Hi, you just gave me a very good info. Here in Northern Philippines, it’s rainy season once again and the dengue mosquitoes are all around the corners. One kid I know is now suffering from it and it’s the dengue hemorrhagic fever. The problem is, his blood type is AB which is not available at this time in the hospital’s blood bank. His parents are looking for donors asap.

10. jhay - September 16, 2010

How does Dengue affect the immune system of the patient?


11. MINI - November 29, 2010


12. Joellen - July 5, 2011

I had hemorrhagic dengue fever the first time I contracted it. It is rare, but not impossible. Dengue is classified as hemorrhagic when your platelets drop below 100,000.

E. Nan - September 29, 2012

I read about a study done in Costa Rica in which researchers asked mothers to bring in children who had never had dengue. The researchers found antibodies to two strains of dengue in a large percentage of the children. They concluded that dengue can be so mild for some children that the parents do not even notice the symptoms.

13. Rage - August 19, 2011

@jhay and @MINI
simply put, it tricks your immune system into giving off incorrect antibodies for the 2nd or 3rd or 4th strain of virus..
that’s because the strains are almost the same and the immune system cannot distinguish one strain from the other.

anyway, one question to anyone who knows the answer:
if you have contracted all 4 strains and survived all of it, does it mean that you’ll be safe from infection again?

has anyone been contracted by all 4 strains already?

14. Blazer - September 10, 2011

Nah, it’s probably rare for someone to be able to survive the second infection anyways. To answer your question with another question, even if a person is immune to all four strains, how will his antibodies be able to know which type of strain to destroy since they look so alike? If that’s the case, than that means you can probably be never immune from Dengue.

15. Pbe - November 14, 2011

Hi, I’m looking for information about the immunology of the Dengue Virus infection. Can anyone tell me the target of the antibodies produced? What’s the antigen or proteín of the virus that reacts and makes the immune system to produce antibodies?
(Sorry for my english)
Thanks!!! =)

16. My Experience with Dengue Fever in the Hospital « waves of grace - April 4, 2012

[…] unfortunate thing is that you can get dengue fever multiple times. Infection with one of the four strains of dengue virus usually produces immunity to that strain but does not provide protection against […]

17. dave - September 25, 2012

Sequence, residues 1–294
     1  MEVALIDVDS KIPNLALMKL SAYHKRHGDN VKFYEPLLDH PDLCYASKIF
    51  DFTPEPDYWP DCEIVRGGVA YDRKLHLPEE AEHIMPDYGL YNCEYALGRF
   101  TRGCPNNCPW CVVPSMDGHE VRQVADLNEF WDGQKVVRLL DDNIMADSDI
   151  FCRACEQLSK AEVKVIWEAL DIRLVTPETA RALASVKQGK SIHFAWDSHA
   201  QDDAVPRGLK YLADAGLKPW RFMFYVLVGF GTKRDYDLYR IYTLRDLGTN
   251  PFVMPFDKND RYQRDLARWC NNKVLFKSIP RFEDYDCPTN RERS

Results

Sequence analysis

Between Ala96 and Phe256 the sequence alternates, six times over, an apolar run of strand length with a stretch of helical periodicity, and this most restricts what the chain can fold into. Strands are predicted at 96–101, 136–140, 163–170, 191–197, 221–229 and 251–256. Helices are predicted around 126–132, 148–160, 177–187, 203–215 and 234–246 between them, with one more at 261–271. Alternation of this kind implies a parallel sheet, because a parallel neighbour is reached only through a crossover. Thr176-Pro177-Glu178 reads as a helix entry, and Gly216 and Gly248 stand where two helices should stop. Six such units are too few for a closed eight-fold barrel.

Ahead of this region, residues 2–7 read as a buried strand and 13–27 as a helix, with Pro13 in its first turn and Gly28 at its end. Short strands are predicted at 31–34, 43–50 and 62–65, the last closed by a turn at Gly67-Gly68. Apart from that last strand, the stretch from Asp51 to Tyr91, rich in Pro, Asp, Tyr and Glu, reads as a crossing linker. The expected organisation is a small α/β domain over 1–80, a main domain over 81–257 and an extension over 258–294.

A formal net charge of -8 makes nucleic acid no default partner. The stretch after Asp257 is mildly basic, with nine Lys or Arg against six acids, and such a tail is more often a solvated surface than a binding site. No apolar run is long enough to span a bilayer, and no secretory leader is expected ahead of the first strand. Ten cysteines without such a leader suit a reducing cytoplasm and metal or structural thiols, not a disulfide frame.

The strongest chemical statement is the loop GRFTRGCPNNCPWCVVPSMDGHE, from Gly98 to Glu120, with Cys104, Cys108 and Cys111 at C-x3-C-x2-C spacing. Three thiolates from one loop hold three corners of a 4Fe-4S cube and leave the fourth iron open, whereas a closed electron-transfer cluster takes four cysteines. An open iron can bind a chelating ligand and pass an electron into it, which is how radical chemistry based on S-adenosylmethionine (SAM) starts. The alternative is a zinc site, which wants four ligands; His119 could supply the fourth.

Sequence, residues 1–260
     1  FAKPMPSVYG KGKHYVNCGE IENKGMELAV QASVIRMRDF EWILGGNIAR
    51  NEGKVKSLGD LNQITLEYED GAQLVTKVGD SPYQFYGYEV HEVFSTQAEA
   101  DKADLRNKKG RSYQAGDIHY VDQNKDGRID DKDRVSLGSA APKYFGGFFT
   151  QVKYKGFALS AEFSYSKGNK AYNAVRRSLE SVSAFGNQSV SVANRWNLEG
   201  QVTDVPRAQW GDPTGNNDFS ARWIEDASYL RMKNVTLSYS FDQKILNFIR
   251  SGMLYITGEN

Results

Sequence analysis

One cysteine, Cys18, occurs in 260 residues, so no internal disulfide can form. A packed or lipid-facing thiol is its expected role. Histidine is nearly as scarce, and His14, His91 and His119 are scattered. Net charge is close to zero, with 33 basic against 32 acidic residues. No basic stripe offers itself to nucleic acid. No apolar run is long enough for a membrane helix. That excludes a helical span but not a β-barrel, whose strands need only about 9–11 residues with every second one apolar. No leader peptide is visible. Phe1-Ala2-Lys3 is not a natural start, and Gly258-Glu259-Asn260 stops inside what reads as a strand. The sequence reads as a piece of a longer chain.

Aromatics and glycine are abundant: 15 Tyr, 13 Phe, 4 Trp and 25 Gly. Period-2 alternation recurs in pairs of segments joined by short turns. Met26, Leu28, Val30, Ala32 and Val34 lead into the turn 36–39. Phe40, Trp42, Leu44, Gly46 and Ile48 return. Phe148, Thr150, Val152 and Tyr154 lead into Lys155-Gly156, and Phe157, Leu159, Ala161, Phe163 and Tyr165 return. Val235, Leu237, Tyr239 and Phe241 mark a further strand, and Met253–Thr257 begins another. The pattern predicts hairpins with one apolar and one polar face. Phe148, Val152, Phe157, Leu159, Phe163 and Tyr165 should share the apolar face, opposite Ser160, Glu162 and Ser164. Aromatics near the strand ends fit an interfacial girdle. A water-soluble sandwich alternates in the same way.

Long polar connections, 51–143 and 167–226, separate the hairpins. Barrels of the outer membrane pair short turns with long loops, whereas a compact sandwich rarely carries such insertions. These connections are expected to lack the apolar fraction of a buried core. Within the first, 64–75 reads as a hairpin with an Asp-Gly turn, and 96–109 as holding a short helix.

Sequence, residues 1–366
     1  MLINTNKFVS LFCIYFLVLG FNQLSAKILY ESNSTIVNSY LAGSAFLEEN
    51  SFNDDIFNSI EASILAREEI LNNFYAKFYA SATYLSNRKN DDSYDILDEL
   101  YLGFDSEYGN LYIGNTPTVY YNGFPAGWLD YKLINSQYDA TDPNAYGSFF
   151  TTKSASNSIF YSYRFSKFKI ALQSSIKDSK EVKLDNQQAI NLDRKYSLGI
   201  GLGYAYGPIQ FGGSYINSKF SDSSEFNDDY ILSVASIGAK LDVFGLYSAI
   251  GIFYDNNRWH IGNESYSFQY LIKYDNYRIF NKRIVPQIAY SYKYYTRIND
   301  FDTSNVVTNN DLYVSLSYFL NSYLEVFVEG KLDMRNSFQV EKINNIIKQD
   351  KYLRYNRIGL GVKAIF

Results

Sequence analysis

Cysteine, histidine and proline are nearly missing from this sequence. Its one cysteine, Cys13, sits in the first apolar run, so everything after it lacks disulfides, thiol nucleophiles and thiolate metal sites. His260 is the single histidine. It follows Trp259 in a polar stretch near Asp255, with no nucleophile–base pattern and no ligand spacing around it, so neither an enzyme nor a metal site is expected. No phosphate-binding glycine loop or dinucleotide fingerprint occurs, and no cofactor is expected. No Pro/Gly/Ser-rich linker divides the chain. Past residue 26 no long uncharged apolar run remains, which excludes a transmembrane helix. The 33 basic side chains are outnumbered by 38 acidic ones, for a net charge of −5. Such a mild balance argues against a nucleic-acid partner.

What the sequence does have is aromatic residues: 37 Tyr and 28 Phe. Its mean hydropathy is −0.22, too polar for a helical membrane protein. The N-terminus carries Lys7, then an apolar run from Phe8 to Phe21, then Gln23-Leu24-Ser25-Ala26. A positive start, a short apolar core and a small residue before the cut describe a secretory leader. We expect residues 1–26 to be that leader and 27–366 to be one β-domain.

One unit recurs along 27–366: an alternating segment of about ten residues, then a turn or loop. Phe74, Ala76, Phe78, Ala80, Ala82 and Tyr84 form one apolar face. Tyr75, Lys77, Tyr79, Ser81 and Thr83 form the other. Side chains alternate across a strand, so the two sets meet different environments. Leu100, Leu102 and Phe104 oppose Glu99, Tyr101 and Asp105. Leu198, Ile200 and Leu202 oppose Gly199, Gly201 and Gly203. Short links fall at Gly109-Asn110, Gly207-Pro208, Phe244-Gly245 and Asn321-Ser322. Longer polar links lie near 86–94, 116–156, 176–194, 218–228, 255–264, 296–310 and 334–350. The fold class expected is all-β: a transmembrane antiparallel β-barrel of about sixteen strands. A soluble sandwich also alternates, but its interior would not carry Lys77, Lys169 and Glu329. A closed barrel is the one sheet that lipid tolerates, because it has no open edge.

Hi, I wonder if someone can help me, in January i got dengue fever , but since then i have caught just about every flu thats been around ive had influenza , ive had just a normal cold and im about to come down with something again ,all seem to have sore joints a temp and a cough to the lungs that seems to go on for weeks, my question is after having dengue fever is your immune system weaker.

18. Jae Chasson - January 29, 2013

dengue fever is always deadly if not treated early.;

My personal web page

19. attacks itself - September 17, 2014

Hi there! I just wanted to ask if you ever have
any issues with hackers? My last blog (wordpress) was hacked and I ended up losing several weeks
of hard work due to no backup. Do you have any methods to stop hackers?

20. great post - October 20, 2014

Since the admin of this website is working, no hesitation very
rapidly it will be renowned, due to its feature contents.

21. www.facebook.com - November 4, 2014

Merely enter your email, select quantity of Gold or Chips and
also press “Generate” button.

22. healthy living - May 24, 2015

Hi, i feel that i saw you visited my site thus i
got here to return the prefer?.I’m attempting to to find things to improve my website!I guess its good enough
to use some of your ideas!!

23. Hechizos y amarres de amor gratis y efectivos - May 26, 2015

No deje pasar su ocasión de hallar la felicidad.
Lo espero, no me falle.

Leave a Reply

Fill in your details below or click an icon to log in:

WordPress.com Logo

You are commenting using your WordPress.com account. Log Out /  Change )

Google+ photo

You are commenting using your Google+ account. Log Out /  Change )

Twitter picture

You are commenting using your Twitter account. Log Out /  Change )

Facebook photo

You are commenting using your Facebook account. Log Out /  Change )


Connecting to %s

%d bloggers like this: